Aging America: The U.S. Cities Going Gray The Fastest

By Joel Kotkin and...October 31 2014

Appearing in: 
Forbes

For years we have been warned about the looming, profound impacts that the aging of the U.S. population will have on the country. Well, the gray wave has arrived. Since 2000, the senior population has increased 29% compared to overall population growth of 12%. The percentage of Americans in the senior set has risen from 12.4% to 14.1%, and their share of the population is projected to climb to 19.3% by 2030. There are two principal causes for this: the baby boom generation is reaching 65 years old, while the U.S.

RIP, NYC's Middle Class: Why Families are Being Pushed Away From the City

By Joel KotkinOctober 26 2014

Appearing in: 
New York Daily News

Mayor de Blasio has his work cut out for him if he really wants to end New York’s “tale of two cities.” Gotham has become the American capital of a national and even international trend toward greater income inequality and declining social mobility.

There are things the new mayor can do to help, but the early signs aren’t promising that he will be able to reverse 30 years of the hollowing out of the city’s once vibrant middle class.

Opportunity Urbanism: Creating Cities for Upward Mobility

By Joel KotkinOctober 12 2014

This is the introduction to a new report commissioned by the Greater Houston Parnership and HRG and authored by Joel Kotkin with help from Tory Gattis, Wendell Cox, and Mark Schill. Download the full report (pdf) here.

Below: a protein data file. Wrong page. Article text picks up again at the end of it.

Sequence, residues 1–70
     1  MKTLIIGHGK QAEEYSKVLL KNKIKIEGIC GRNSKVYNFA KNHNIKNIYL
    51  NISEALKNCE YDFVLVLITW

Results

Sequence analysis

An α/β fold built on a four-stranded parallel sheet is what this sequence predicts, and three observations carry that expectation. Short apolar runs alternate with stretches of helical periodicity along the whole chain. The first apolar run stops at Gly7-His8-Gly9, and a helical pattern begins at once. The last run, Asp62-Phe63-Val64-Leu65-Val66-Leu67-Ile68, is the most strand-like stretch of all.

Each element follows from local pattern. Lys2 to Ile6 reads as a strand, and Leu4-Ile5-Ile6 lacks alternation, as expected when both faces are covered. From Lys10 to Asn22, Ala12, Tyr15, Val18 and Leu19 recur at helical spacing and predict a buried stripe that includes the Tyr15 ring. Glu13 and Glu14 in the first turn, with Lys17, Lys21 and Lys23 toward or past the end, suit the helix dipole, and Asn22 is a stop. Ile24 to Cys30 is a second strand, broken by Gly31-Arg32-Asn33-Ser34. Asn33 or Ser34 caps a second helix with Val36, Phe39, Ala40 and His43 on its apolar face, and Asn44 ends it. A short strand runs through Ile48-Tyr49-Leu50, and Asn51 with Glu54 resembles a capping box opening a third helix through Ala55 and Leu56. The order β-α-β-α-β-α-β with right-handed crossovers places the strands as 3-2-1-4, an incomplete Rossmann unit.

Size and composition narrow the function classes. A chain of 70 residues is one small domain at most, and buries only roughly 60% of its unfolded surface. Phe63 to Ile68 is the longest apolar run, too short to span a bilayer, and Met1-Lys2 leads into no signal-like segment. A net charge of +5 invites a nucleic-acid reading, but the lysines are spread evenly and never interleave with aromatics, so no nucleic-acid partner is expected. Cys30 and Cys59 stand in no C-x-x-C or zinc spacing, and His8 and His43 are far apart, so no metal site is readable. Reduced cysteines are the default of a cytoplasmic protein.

Over the past decade, we have witnessed the emergence of a new urban paradigm that both maximizes growth and provides greater upward mobility. We call this opportunity urbanism, an approach that focuses largely on providing the best policy environment for both businesses and individuals to pursue their aspirations.

America’s Newest Hipster Hot Spot: the Suburbs?

By Joel KotkinOctober 09 2014

Appearing in: 
Washington Post

It’s an idea echoed everywhere from “Friends” to “Girls”Young people want to live in cities. And, we’re told, a lot of them (at least the cool ones) do.

It’s a common assumption. But it’s also wrong.

Between 2010 and 2013, the number of 20- to 29-year-olds in America grew by 4 percent. But the number living in the nation’s core cities grew 3.2 percent. In other words, the share of 20-somethings living in urban areas actually declined slightly.